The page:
Ming Wong's Obssession with Impersonation

While he is recently most well known for his work, Life of Imitation, which involves actors impersonating roles from famous movie scenes, Ming Wong himself has slipped into a dozen roles, making impersonation seemingly a stubborn motif of his works.

'I impersonate these characters/actors/personalities - they are all wrapped into one - as a tribute to both the vision of their creators (writers, actors, filmmakers) and the roles that they represent. often they hold up a mirror to the moral values of society, usually on the brink of change. Most of these films were made in the 60s & early 70s, which were tumultous times for pre-independent Singapore, post-war Germany & Italy. Even though its the same person in these guises, after a while, the differences in race, gender, age, nationality, class status etc become irrelevant, what remains is the vision of the artists/filmmakers and the symbolic roles of these characters.'

We asked Ming to share 7 of his most meaningful impersonations here.

Ming Wong as Gustav von Aschebach, the artist in crisis who goes on holiday to Venice.

Ming Wong as Tadzio, the most beautiful boy in the world, the subject of von Aschenbach's obsession.

These are the 2 main protagonists in 'Death in Venice' (Visconti's 1971 film version of Thomas Mann's classic novella).

Ming Wong as both the old German cleaning-lady and her younger Moroccan immigrant car mechanic husband in Fassbinder's 1974 film 'Ali: Fear Eats the Soul'.

(Above 2) Ming Wong as the maid in Pasolini's Teorema, who performs a miracle in her village and becomes a saint, and buries herself alive in the soil of Italy, at a place and time when agriculture gave way to urbanisation, capitalism and materialism.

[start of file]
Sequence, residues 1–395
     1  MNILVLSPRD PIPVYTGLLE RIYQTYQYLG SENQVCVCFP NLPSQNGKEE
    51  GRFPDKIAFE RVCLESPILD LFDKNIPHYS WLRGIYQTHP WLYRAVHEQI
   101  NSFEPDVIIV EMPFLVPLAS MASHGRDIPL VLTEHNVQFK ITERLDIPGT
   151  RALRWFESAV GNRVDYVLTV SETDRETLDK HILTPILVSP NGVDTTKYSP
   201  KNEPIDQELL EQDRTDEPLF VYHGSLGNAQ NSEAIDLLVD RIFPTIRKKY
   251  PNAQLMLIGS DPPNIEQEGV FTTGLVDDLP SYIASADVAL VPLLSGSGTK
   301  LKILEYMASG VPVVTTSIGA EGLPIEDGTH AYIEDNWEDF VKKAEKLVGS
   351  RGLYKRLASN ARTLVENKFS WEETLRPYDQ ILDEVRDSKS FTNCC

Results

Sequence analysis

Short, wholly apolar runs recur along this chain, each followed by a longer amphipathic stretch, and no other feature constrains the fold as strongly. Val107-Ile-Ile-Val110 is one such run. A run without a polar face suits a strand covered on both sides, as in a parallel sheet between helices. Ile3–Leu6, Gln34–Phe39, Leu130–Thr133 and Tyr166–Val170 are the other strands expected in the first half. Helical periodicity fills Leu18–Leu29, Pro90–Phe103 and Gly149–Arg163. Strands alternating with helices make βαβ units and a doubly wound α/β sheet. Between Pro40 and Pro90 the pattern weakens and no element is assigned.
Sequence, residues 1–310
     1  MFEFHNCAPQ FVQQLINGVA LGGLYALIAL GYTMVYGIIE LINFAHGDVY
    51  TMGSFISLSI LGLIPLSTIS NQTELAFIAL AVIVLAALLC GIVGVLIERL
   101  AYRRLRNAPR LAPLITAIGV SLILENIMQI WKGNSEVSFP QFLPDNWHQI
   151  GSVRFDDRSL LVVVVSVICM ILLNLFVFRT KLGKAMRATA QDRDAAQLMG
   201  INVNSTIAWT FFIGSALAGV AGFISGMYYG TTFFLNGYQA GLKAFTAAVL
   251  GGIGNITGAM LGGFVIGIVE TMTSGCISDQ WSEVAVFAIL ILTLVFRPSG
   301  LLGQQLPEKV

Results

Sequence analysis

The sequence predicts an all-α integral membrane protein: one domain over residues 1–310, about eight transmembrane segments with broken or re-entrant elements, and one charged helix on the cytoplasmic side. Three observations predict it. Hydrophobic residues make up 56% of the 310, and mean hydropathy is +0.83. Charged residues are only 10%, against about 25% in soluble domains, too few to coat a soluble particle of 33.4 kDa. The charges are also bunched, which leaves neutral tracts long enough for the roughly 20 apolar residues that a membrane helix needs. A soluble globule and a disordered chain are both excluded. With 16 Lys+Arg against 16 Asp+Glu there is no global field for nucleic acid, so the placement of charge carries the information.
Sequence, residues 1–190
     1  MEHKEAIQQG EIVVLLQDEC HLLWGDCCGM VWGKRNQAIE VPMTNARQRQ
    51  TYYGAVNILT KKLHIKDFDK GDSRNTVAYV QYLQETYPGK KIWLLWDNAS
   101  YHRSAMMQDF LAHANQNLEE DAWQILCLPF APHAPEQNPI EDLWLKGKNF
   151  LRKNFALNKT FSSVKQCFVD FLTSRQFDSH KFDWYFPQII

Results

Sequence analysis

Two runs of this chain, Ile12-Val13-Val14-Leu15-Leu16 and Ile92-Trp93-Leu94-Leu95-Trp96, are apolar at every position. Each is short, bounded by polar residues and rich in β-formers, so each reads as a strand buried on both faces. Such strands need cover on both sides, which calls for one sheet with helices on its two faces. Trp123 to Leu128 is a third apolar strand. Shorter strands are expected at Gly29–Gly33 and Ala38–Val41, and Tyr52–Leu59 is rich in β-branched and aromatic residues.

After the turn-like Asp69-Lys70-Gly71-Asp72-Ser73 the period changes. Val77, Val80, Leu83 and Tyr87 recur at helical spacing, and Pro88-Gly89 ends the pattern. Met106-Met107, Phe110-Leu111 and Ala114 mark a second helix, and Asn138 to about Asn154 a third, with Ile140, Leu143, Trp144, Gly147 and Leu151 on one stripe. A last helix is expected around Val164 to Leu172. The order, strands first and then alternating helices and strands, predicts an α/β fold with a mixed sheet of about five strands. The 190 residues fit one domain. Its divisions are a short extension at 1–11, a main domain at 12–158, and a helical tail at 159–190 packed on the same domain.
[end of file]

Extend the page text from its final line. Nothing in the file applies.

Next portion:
Ming Wong as P Ramlee as Kassim Selamat the blind saxophone player in the classic Malay Melodrama 'Ibu Mertuaku' ('My Mother-in-law').

Ming Wong as Mak Dara as the Mother-in-law.

Watch out for his new works in Singapore at the Singapore Biennale next year 6 March.

About Ming Wong

Ming Wong's practice explores the performative veneers of language and identity through his own 'world cinema'. He represented Singapore at the 53rd Venice International Biennale in 2009, gaining critical acclaim for his presentation 'Life of Imitation', which won Special Mention (Expanding Worlds). He has also shown at the Sydney Biennale 2010, Contemporary Art Gallery in Vancouver and ZKM Center for Art & Media amongst others. He has assumed international residencies at ACME studios, London, and K├╝nstlerhaus Bethanien, Berlin. Past awards include the London Artists' Film and Video Award by Film London and the Pearson Creative Research Fellowship at the British Library.

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